Photos: An Epic Float Trip for Mongolian Taimen

Written by: Alex Gray

MRO guide Peter Fong and the author show off a fine Mongolian taimen.
Photo by Bob Cosgriff

[Editor’s note: Alex Gray recently enjoyed an excursion down an unnamed Mongolian river with Mongolia River Outfitters–chasing taimen, amur trout, and lenok, with even a few amur pike thrown in–and sent in this trip report. As a conservation-oriented operation, MRO chooses not to name the rivers they fish.]

When I told people where I was headed, the response was either, “Mongolia? Isn’t forty a little young to start working on the bucket list?” or something to the effect that, “Mongolia for fishing? Are you aware that the U.S. currently hosts a number of thriving sport fisheries?” I found it difficult to explain to balanced, well-adjusted people the nuanced allure which the prospect of fly-fishing for taimen presented to me: the opportunity to present a fly to fish that may have been prowling the riffles prior to my first youthful attempt at fly casting over thirty years ago.

Getting in an out of Mongolia is easy by van and caravan aircraft.
Photo by MRO Staff

In my experience, taimen really don’t have a freshwater peer. Maybe it’s a stretch, but the larger taimen were more reminiscent of highlights from a National Geographic special on Orcas in both their acrobatics (some fight a hook-up with spinning leaps) and tactics (hunting in packs, “beaching” their prey). Whether these behaviors are innate or gleaned over decades of living, witnessing their complexity definitely added a new facet to their mystique.

Although angling for taimen does share certain commonalities with the pursuit of steelhead or musky, I found it more akin to streamer-fishing for big browns. All my taimen were caught in water that would hold trout back home. As the upper river was loaded with riffles, pools, tail-outs, seams, and cut-banks, a lot of casting was necessary to cover the water and the amount of action seemed directly proportional to the number of casts.

Cool stickers to see so far from home!
Photo by Jeremy Kehrein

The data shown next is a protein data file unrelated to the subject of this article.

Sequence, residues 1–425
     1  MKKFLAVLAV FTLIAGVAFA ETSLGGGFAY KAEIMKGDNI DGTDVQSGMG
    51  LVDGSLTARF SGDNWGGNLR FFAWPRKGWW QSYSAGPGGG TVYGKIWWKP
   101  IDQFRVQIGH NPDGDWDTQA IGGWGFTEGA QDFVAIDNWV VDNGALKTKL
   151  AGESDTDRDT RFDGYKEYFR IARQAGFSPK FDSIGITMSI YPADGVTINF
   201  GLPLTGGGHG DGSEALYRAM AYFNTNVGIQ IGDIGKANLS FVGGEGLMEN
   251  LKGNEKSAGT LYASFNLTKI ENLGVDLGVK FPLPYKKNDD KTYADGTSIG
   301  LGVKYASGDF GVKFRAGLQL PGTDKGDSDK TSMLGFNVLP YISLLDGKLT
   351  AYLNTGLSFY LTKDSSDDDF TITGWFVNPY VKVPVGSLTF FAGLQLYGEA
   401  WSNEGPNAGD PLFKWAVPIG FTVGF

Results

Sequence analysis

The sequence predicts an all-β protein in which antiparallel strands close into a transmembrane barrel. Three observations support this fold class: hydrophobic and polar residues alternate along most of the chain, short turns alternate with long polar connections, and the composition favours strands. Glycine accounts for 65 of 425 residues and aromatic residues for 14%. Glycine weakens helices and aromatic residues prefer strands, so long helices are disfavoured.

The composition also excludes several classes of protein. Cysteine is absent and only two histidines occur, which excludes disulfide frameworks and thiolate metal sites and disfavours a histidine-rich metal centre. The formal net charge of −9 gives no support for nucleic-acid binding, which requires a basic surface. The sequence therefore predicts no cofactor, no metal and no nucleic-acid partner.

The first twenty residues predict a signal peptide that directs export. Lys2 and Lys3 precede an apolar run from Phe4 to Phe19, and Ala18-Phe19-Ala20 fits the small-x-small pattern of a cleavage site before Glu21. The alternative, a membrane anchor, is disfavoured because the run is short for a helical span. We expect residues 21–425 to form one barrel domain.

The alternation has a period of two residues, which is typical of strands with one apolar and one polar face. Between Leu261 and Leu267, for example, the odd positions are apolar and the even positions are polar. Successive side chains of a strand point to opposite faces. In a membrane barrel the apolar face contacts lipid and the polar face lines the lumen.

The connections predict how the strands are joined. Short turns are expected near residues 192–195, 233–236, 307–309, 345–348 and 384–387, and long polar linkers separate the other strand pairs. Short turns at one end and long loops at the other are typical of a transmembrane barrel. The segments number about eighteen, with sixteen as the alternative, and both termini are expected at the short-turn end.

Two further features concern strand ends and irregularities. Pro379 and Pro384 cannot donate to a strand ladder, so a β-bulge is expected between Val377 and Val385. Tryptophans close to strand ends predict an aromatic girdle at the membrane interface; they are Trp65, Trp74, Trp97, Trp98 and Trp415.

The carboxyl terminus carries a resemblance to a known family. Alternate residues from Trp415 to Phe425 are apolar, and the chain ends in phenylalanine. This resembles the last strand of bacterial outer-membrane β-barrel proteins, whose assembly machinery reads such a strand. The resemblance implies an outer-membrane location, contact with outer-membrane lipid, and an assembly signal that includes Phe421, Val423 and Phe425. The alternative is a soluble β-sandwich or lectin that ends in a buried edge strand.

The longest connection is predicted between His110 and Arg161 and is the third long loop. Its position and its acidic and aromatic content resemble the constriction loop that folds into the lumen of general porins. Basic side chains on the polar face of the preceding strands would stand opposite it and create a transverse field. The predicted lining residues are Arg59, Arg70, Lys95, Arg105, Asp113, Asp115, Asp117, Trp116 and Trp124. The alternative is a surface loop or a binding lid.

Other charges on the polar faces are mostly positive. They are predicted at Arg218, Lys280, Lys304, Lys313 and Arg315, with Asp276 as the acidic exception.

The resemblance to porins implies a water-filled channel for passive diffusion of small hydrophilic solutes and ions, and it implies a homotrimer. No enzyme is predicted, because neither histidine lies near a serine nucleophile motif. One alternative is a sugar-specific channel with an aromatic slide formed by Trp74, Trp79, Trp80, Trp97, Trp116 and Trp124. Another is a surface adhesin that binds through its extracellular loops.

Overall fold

Although taimen are obviously the sine qua non of Mongolia fly fishing, the people and operation at MRO run a close second. The guides were outstanding, and not just as guides. I won’t embarrass them by citing specifics, but I will say that the breadth of their collective professional and educational curricula vitae is almost daunting.

I was also really impressed by MRO’s “no-shuttle” philosophy, in which we progressed down river via a series of riverside camps. There is something visceral/atavistic about river journeys, which is why such journeys are a favored motif of classical literature . The bond fostered through a shared experience in the process and progress of travelling downriver develops quickly among not only guests but among guides and guests, as well. The fact that MRO chooses to utilize this format speaks volumes about their dedication to imparting a meaningful experience to their guests, as it is undoubtedly a logistical nightmare to run the operation this way, especially in the remote Mongolian backcountry.

Click here for more information on this trip.

Alex Gray is an angler/traveler who lives in Kentucky.

MRO guide Richard shows off a 40-inch amur pike.
Photo by Jeremy Kehrein

Orvis’s Jeremy Kehrein hoists a snaky, 34-inch taimen.
Photo by Fabian

The views on the river were spectacular.
Photo by Jeremy Kehrein

Orvis Travel client Bob Cosgriff shows off his best fish.
Photo by Alex Gray

Camping in traditional yurts below gorgeous sunsets made the trip even more exotic.
Photo by Jeremy Kehrein

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